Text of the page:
Frequently Asked Questions
Why not just exercise or eat a high-quality diet? Is this training really that different?
It is that different. Exercise and a healthy diet are both good ways to increase oxygen. But the special system of oxygen training we use has a much bigger impact on health – both physical and mental.
You benefit by increasing the amount of oxygen carried by your red blood cells to the tissues of the body and the brain. This has a huge impact on improving metabolic function, from gut to brain to overall circulation.
To learn more about the fundamental concepts of this unique oxygen training and how getting more oxygen to the body and brain is important, we recommend you watch this eight-minute video by Robert Rowen, MD.
How long does it take to notice effects?
Five to eight sessions are typical for full benefits to appear, but people frequently tell us they notice improvement after one session. By the way, we review your progress prior to every session and continuously revise your training protocol accordingly.
What is intermittent hypoxic training?
Our exercise program—sometimes referred to as intermittent hypoxic training—uses a proprietary system that alternates between high-intensity oxygen (86%) and low-intensity/high-altitude oxygen (14%). Exercising causes your body to accept, disburse and absorb oxygen more readily. (The air we breathe at sea level is comprised of 21% oxygen.) This is similar to the way we might strengthen a bicep with curling weights by stressing, relaxing, stressing, etc. There’s an excellent article that discusses this concept and its health impact by Michael Kummer that you may want to read. In addition, there’s a great deal of research on the benefits of high-altitude (intermittent hypoxic) training.
Can I do intermittent hypoxic training if I rarely exercise?
Yes! We adjust your training protocol to your fitness level and increase it as your fitness level improves. We even have oxygen training options for clients who can’t train with their legs because of injury or disability.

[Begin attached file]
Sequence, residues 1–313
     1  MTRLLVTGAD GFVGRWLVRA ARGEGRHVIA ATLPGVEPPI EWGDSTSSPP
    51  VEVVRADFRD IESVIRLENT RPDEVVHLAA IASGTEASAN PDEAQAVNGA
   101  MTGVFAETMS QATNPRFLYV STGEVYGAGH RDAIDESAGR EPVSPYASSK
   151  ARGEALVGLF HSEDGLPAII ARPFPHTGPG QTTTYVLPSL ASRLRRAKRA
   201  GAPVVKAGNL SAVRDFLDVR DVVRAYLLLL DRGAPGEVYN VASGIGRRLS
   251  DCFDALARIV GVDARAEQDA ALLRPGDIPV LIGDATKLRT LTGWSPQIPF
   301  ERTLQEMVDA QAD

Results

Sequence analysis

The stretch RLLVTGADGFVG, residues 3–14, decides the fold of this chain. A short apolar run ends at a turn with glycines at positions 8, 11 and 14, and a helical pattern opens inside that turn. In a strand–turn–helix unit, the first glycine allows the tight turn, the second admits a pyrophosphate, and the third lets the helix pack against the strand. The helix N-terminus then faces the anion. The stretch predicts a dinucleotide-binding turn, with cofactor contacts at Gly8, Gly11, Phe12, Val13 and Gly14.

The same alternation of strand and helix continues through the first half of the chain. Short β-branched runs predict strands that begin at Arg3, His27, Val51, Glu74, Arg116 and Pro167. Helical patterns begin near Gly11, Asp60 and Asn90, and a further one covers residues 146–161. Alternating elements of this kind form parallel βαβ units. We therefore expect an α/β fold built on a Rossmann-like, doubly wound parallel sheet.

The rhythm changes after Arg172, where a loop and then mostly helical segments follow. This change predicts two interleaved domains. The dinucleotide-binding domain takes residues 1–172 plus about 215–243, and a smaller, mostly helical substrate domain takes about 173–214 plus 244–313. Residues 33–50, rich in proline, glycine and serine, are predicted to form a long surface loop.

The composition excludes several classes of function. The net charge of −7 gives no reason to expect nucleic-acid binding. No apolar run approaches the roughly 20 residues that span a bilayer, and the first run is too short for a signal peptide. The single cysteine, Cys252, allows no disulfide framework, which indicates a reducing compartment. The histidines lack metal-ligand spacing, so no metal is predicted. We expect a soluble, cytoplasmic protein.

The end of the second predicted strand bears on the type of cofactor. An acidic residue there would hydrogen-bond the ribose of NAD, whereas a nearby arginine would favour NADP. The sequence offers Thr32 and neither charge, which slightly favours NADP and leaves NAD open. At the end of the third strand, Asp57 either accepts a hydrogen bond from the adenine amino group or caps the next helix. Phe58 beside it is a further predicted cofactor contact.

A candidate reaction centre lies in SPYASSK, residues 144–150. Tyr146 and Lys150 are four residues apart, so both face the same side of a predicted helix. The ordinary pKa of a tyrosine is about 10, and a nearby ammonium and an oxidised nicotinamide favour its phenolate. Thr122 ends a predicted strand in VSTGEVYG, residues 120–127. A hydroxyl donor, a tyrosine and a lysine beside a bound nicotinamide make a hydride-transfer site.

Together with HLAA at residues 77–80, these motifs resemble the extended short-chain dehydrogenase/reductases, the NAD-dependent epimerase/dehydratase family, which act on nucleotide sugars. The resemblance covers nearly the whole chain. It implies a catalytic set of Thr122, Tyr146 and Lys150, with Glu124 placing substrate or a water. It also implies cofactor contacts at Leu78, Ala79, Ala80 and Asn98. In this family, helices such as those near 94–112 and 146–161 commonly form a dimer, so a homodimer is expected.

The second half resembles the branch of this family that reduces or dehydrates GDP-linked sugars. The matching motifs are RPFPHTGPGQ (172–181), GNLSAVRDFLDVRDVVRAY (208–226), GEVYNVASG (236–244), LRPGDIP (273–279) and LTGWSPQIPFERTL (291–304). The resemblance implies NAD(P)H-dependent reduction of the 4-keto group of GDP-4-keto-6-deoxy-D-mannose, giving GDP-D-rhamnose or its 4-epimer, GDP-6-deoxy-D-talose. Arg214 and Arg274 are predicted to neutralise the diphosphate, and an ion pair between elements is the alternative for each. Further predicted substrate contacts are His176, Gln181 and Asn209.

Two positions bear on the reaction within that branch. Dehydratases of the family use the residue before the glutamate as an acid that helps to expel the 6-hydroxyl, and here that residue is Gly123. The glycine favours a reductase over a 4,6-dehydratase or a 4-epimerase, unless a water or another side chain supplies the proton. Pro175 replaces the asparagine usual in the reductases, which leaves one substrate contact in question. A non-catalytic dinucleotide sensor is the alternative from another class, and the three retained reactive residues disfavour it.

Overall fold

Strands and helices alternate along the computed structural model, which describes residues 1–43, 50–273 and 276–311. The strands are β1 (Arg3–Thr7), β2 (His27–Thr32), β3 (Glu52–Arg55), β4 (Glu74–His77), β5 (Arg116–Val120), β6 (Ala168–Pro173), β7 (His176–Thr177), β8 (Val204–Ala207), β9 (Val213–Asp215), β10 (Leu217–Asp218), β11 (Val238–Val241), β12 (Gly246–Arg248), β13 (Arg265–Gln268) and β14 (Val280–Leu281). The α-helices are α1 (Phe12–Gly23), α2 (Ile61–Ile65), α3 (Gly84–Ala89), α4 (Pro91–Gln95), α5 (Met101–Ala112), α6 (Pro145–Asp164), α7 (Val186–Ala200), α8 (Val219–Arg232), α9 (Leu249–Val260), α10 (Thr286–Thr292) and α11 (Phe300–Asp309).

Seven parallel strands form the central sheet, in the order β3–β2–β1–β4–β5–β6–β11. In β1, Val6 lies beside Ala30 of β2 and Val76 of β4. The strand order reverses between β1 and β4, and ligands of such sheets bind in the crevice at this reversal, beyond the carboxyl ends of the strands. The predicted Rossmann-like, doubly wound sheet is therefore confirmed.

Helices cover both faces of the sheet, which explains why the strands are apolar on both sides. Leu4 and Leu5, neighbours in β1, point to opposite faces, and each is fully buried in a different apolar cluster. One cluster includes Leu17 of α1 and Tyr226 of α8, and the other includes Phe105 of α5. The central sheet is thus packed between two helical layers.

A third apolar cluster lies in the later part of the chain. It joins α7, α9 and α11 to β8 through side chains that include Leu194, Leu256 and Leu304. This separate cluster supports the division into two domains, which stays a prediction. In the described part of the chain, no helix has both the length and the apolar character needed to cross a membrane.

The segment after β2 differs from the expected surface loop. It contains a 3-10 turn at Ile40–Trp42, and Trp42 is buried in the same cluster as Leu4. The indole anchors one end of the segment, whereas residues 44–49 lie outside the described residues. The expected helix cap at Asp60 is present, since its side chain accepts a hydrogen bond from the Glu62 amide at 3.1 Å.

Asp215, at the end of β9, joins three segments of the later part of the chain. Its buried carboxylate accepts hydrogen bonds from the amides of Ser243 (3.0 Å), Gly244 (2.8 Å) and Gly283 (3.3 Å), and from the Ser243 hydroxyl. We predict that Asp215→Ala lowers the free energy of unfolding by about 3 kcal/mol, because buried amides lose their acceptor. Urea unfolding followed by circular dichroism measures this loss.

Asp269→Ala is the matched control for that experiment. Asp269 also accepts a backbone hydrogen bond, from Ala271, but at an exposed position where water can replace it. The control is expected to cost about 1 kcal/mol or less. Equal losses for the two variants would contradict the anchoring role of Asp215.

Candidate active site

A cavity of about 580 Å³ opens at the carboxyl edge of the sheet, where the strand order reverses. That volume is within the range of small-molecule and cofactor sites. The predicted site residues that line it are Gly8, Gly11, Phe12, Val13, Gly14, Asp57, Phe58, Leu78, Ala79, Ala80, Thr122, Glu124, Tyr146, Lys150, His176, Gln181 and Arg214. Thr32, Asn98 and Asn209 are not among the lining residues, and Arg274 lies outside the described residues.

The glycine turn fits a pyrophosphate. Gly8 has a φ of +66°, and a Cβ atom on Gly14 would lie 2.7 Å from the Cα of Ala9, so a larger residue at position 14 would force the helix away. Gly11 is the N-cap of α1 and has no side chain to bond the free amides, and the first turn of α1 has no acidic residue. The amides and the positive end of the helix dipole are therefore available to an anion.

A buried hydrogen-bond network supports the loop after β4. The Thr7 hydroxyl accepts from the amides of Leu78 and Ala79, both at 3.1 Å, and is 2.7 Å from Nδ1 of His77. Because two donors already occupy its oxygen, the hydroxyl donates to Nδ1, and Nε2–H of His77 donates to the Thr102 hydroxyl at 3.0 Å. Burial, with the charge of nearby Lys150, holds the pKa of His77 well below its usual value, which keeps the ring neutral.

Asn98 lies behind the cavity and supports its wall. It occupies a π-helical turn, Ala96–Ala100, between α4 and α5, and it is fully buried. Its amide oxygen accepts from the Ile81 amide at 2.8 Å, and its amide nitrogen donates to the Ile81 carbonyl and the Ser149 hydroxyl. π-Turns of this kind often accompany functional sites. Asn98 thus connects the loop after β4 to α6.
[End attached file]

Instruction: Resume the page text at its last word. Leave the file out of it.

How long does a session last?
Exercise sessions usually start at 15 minutes. Subsequent sessions may be extended to 20 minutes.
In addition to oxygen exercise, we have other tools and technologies to enhance your workout once you’ve finished. Using them generally adds 10-15 minutes to your time at the gym.
Is intermittent hypoxic training similar to hyperbaric or ozone therapy?
No. intermittent hypoxic training alternates high-intensity oxygen (86%) and high-altitude training (14%) while pedaling on a recumbent bike. Alternating your oxygen intake while exercising elevates your heart rate, which results in your body taking in far more oxygen than normal. When your red blood cells carry more oxygen, it helps increase your energy, detoxifies, reduces inflammation, upregulates your immune system, and supports repair.
Hyperbaric therapy involves reclining or sitting in a pressurized, hard-shell chamber at 1.5 to 3.0 atmospheres of pressure (normal sea level is 1.0 atmospheres) while receiving high-intensity oxygen (up to 100%). It’s most commonly used in hospitals and rehab centers to aid with healing wounds and other conditions. It’s used in non-hospital centers for concussions, neurological conditions, and more.
Ozone therapy generally involves taking a vial of blood from your arm. Ozone is then dissolved into the blood and returned to you via an intravenous line. It’s used to treat chronic conditions.
Is there published research on the benefits of intermittent hypoxic training such as cognitive function and performance, neurological issues, learning, inflammatory markers, asthma and more?
Yes. Contact us if you’d like us to send you a link to a number of research studies and articles that we’ve gathered from the internet.
How was this technology created?
In the 1960s Dr. Manfred von Ardenne, a German inventor and medical researcher, met with Dr. Otto Warburg to discuss Dr. Warburg’s research related to the impact of aerobic changes (low oxygen) on cells and mitochondrial function. Dr. Warburg was a biochemist and recipient of the Nobel Prize for Medicine.
Dr. von Ardenne was looking for a way to improve the cardiovascular and cardiopulmonary systems of patients undergoing experimental cancer treatments. Inspired by Dr. Warberg’s work, Dr. von Ardenne developed what he called “multi-step oxygen.”
The culmination of this work was a book he wrote in 1990 detailing the model and the years of research providing the basis for multi-step oxygen. The book was called: Oxygen Multistep Therapy Physiological and Technical Foundations.
The technology we use at Gym for the Brain is based on Dr. von Ardenne’s work.
More about Dr. von Ardenne: Dr. von Ardenne’s research center made many pioneering contributions in television technology, electron microscopy, scanning microscopy, isotope separation, and electron and ion beam technology. He accomplished the first completely electronic television transmission in the world